His response to her naiveté (she knows nothing of the world of De Niro'sGame, where boys become men in war zones without boundaries and women are pawns in the games militiamen play) is to tell her intricate but compelling tales of his youth as an insect, a cockroach, a contemptible thing with no power except the power of personal survival in unwinnable skirmishes to protect his beloved sister from her brutish husband, a militiaman whose viciousness is beyond whatever laws are enforceable in their war-torn country. What this Kafkaesque bug tells the reader, and hides from his therapist, is his love for Shahran, a victim of less domestic conflicts: the religio-political ones in Iran.
Unable to trust his emotions, "repulsed - not embarrassed, but repulsed - by slimy feelings of cunning and need," feeling all too often "like a hunchback in the presence of young schoolgirls," he develops an insatiable appetite to discover everything he can about Shahran and everyone else (especially the restaurateur who employs him as a busboy) who plays any part at all in the collision of worlds his love for her makes inevitable. Whatever he discovers, he reacts against with the unpredictability of a bred-in-the-bone anarchist. The stories set in motion on the first page kept this reader transfixed to the very last. Hage owes something to Camus and more to Kafka (and possibly even more to poets, singers and storytellers most of us know nothing about) but what he makes of all of them belongs distinctly to himself.
Cockroach is an angry and agnostic book that will seriously annoy those unmoved and unshaken Bushites to the south, Harperites to the west and Péquistes in Hage's hometown, who have yet to "realize that we are all gatherers and wanderers, ever bound to cross each other's paths, and that these paths belong to us all." And whom will it delight? The July issue of New Scientist shows that readers of narrative fiction score higher on tests of empathy and social acumen than those who don't. That's an old idea, one that runs from Homer through Dickens and beyond, but it's far too generally stated by the researchers in the department of human development and applied psychology at the University of Toronto who conducted the tests.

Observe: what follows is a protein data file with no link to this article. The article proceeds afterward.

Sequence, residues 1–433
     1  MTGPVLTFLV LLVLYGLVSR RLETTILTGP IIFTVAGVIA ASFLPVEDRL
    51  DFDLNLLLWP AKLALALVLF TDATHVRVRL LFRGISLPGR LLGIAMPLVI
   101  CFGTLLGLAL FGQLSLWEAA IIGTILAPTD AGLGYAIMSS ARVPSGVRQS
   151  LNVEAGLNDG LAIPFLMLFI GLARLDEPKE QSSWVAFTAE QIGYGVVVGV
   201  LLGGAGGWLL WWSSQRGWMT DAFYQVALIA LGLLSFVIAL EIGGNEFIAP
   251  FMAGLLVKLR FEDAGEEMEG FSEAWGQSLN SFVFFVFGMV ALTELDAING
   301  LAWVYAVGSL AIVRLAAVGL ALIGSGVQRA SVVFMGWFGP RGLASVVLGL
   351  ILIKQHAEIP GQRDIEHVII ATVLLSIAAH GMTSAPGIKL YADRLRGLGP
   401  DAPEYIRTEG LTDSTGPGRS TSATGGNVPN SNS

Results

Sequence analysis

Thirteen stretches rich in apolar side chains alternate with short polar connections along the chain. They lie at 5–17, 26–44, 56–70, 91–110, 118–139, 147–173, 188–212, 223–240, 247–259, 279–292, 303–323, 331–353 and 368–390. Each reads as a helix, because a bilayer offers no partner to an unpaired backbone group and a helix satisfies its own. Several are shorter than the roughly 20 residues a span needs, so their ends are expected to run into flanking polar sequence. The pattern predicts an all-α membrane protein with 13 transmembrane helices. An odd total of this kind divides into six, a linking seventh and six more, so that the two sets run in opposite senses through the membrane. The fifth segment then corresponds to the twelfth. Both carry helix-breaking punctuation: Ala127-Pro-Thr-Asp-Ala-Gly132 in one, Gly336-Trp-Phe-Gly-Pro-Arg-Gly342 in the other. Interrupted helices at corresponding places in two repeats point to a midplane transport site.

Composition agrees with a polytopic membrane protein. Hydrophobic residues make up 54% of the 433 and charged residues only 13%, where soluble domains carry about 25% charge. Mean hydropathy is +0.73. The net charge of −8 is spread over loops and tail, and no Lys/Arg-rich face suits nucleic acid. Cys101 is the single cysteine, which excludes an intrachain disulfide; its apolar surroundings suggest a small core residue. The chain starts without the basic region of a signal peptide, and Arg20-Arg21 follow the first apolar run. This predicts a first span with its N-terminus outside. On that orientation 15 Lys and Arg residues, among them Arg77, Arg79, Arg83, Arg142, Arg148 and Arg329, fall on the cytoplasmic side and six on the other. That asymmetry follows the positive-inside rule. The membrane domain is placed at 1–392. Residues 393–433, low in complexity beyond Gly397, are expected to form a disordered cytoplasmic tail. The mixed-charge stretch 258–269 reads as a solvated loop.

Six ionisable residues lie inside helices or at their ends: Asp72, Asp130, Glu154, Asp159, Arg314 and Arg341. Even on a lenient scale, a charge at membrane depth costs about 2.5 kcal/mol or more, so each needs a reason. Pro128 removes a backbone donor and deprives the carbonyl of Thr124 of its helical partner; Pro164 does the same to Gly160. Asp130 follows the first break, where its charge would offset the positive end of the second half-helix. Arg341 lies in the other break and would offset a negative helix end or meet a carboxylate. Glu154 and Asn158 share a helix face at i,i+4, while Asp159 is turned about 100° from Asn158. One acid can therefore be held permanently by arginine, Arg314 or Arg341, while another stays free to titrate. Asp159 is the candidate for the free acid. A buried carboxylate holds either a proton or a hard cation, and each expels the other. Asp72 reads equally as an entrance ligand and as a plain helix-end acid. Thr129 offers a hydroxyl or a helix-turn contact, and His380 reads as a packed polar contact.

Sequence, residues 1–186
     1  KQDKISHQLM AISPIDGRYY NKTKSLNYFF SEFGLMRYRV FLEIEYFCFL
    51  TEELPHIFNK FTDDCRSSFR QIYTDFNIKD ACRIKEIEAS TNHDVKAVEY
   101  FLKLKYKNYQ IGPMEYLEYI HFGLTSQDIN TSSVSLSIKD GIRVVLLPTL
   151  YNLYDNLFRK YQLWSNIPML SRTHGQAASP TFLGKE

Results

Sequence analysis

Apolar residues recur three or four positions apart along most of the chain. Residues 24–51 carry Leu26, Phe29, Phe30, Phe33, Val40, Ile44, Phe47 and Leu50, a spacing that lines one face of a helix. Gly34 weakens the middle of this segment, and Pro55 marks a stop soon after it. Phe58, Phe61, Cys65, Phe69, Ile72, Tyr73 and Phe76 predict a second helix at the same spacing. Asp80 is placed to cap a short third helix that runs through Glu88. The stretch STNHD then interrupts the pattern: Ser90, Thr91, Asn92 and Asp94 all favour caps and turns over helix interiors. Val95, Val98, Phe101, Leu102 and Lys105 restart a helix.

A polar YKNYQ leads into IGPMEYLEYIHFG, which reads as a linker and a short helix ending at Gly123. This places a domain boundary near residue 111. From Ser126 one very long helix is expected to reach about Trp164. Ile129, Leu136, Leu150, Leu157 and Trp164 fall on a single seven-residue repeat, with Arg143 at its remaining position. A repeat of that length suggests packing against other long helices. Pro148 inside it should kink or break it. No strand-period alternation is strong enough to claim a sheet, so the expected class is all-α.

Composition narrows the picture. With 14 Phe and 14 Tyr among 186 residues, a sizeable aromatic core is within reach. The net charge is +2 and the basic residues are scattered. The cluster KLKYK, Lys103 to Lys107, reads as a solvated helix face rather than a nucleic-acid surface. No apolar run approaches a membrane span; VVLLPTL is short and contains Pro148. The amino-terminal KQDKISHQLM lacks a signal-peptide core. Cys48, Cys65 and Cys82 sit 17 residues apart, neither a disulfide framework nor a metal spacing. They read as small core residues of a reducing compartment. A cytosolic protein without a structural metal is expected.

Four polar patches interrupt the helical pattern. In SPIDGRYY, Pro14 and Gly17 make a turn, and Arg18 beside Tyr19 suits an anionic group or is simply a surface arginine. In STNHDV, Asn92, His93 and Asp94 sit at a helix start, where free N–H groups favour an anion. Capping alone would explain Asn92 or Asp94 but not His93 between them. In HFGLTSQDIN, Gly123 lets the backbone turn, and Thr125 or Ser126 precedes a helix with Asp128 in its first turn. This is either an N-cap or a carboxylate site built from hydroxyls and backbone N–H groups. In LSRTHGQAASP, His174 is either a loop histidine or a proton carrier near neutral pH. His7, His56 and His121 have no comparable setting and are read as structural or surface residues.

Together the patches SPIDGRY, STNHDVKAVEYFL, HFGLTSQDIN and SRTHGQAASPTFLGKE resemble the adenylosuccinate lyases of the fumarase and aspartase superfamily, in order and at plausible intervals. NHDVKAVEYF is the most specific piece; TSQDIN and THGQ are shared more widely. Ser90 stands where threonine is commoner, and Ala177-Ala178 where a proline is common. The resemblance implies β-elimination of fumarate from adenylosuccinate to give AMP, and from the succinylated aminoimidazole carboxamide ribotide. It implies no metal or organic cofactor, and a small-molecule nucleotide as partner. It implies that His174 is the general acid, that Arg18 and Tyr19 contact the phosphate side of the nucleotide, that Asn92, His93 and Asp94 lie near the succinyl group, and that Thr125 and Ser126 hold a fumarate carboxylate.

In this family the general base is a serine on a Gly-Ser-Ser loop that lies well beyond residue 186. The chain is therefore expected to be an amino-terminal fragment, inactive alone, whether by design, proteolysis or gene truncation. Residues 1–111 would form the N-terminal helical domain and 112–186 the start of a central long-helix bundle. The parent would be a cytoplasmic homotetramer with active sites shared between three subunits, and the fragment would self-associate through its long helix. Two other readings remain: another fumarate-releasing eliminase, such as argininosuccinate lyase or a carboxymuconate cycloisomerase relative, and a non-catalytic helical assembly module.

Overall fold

For Rawi Hage, the writers and artists who matter and make important differences in readers' lives are "all those women and men of letters, and all artists who have gone beyond the aesthetics of the singular to represent the multiple and diverse, to all those men and women who have chosen the painful and costly portrayal of truth over tribal self-righteousness." They are the ones to whom he is grateful and to whom socially empathetic and politically acute readers should all be grateful. Cockroach is precisely what its publisher claims it to be: "necessary... and astonishing."
Contributing reviewer T. F. Rigelhof's grandparents came to Canada on one of the last ships to sail from a Russian port before the Great War erupted. He lives in Montreal by choice, not necessity.